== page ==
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Color Management 101What is color management?
How does it work?
What should I do?
Most display devices do not display accurate color out of the box; they must be calibrated to produce accurate colors. A profile that accurately describes color is essential to making color management work.
There are a variety of hardware and software solutions available for calibrating your display. You may want to research technical guides or on-line discussion forums to find the solution that’s best for you. To achieve the best results, use a measuring device to calibrate and profile your display. Some good colorimeters that are widely used in the industry are: X-Rite Optix XR, X-Rite GretagMacbeth Eye-One Display, X-Rite Eye-One Display 2, and Color vision Spyder2. For optimal display calibration, we highly recommend you use a hardware calibration solution.
Tip: It’s a good idea to set your desktop to a neutral gray color when visually calibrating your display; you will see the effects of your adjustments more clearly on the gray desktop.
Your image files should be in RGB (red, green, and blue) format. If you saved your images in CMYK (cyan, magenta, yellow, and black) format you will need to convert the files back to RGB before printing them. Your printer software is designed to print from RGB files. For the best results, create your original print files in RGB format.
Your image files may contain an embedded profile. If a profile is embedded in your image file, you should normally use it. Check the documentation for your image editing software for further instructions.
You may also need to correct or optimize your image with image editing software such as Adobe Photoshop or Adobe Photoshop Elements.
An output profile describes how your printer’s ink will interact with a specific type of paper. Epson’s printer profiles are designed to work with the Epson ink and the paper selections found in your printer driver.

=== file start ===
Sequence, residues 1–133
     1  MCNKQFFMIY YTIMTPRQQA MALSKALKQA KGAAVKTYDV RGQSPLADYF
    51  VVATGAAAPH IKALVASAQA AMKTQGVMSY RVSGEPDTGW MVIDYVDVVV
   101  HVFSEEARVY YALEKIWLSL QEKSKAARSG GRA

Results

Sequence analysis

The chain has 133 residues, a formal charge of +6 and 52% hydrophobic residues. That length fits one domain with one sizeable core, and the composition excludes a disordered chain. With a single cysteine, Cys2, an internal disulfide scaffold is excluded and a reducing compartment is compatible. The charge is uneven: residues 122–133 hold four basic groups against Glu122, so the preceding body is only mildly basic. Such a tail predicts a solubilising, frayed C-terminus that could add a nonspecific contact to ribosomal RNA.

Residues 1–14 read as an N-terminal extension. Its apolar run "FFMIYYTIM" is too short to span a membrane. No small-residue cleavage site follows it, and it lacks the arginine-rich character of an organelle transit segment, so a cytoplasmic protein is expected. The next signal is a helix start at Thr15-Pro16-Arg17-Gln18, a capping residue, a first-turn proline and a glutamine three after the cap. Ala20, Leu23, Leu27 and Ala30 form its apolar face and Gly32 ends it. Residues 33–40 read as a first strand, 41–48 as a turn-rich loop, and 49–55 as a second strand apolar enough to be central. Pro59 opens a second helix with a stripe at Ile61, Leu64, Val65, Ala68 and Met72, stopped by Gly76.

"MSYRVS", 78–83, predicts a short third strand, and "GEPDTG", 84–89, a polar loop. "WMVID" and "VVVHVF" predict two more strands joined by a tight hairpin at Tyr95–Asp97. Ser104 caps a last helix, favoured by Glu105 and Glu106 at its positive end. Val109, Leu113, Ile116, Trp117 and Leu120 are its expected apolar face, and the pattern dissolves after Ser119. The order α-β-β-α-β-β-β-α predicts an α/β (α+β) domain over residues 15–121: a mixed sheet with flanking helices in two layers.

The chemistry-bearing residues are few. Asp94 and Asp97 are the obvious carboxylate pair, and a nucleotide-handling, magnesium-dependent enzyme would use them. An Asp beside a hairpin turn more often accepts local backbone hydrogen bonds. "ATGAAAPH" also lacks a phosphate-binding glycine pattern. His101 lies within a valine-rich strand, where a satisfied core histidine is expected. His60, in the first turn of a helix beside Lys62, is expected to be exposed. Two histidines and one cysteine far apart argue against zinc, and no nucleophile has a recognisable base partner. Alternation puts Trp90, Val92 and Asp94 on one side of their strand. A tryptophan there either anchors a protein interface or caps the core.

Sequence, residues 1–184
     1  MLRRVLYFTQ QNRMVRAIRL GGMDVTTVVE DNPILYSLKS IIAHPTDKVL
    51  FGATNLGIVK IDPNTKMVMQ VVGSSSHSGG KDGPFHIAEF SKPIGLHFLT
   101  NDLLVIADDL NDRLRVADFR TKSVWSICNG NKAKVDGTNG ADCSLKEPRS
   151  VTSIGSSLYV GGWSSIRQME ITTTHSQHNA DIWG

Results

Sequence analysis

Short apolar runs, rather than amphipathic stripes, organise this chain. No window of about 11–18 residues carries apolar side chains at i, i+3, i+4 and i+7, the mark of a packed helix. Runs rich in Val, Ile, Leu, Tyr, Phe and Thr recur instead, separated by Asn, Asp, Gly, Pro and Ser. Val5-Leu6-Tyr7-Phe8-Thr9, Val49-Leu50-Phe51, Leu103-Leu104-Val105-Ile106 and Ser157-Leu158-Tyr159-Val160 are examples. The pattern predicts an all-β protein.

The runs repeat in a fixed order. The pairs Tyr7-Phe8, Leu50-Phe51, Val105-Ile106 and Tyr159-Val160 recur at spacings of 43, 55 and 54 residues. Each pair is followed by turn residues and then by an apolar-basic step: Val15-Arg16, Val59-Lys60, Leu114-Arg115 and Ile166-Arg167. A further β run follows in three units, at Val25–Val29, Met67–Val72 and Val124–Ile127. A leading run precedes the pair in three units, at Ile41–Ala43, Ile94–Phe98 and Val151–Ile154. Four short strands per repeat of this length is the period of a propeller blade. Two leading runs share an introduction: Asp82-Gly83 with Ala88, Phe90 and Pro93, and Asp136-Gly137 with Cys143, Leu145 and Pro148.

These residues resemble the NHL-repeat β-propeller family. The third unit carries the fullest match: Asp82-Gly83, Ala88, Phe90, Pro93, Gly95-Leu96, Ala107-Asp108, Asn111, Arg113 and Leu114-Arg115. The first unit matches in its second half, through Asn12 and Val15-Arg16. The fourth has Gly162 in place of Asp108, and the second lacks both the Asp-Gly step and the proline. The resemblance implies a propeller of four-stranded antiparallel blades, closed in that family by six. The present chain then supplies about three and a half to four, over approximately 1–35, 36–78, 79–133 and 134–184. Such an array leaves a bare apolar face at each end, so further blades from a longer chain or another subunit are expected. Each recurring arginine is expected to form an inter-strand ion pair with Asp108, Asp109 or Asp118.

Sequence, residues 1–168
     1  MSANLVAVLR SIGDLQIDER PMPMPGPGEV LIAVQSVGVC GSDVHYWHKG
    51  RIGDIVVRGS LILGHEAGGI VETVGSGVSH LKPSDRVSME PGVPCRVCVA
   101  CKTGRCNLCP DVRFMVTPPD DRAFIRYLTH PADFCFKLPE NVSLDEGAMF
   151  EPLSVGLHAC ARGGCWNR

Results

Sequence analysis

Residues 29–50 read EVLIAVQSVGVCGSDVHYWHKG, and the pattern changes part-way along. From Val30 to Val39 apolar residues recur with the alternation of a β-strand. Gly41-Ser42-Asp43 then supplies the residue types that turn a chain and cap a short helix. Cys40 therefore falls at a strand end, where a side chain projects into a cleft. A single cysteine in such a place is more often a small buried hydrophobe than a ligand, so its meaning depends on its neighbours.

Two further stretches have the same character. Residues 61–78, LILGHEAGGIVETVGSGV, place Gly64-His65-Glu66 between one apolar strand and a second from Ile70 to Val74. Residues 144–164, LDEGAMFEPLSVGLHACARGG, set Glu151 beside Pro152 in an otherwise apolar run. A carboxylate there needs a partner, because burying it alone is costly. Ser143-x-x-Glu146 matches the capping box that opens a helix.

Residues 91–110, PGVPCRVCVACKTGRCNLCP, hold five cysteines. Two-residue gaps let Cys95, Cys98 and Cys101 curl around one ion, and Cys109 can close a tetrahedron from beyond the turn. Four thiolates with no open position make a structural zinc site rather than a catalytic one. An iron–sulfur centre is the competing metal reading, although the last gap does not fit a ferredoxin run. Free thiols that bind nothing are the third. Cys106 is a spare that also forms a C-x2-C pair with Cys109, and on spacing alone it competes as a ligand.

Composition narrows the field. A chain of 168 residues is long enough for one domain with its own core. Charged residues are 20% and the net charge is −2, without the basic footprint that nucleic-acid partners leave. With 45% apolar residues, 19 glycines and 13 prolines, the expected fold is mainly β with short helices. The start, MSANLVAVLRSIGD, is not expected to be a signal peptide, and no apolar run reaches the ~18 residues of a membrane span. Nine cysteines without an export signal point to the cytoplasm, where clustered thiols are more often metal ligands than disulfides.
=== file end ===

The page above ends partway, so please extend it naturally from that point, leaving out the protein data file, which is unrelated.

Note: Make sure the media loaded in the printer is the same as the media type selected in the printer driver.
To use the Epson ICC profiles that come with your printer, you need to use an application that supports color profiles, such as Adobe Photoshop or Adobe Photoshop Elements. To have your software color manage your prints using ICC profiles, see one of the following example workflows.
Sometimes Epson will provide Premium ICC profiles that are an update to the standard ICC profiles included on the printer’s software CD. We recommend you use these profiles when they are available for your printer. Premium ICC profiles are available for download for the following printers:
You may also choose to create custom profiles or use non-Epson profiles for your Epson printer. If you decide to use non-Epson profiles, follow the instructions provided with your profiles or profile-building software and be sure to install the profiles as recommended by Microsoft, Apple, or the software vendor.
If you want your printer driver to color manage your prints, you can choose from the following options. (The color management options available vary depending on your printer model, operating system, and application.)
Certain papers perform better than others, so choose the right kind of paper for the job. See Epson Paper Descriptions for more information.
Epson inks are designed to produce optimal print quality when used with your printer, Epson media, and the Epson printer profiles included with your printer. Our inks deliver stable, long-lasting, photographic quality prints. If you decide to use alternative ink, you’ll need to use profiles created for those inks.
The ink type in your printer will affect the color gamut, media selection, longevity, and other qualities of your prints. For information on the ink your printer uses, see Epson Ink Solutions Comparison.
Note: Epson does not recommend refilling or using third party ink cartridges. Using these products will not void the product’s original warranty; however, if these third party products cause a failure, the repair of that failure will not be covered under warranty.
Is there anything else I should know?
The colors in a print viewed in daylight may look different when viewed under warm white fluorescent, cool white fluorescent, halogen, or tungsten lighting. Also, light reflected from colorful walls or objects can affect the appearance of prints. Your printer software was designed to produce color accurately when prints are illuminated with a D50 (daylight) light source.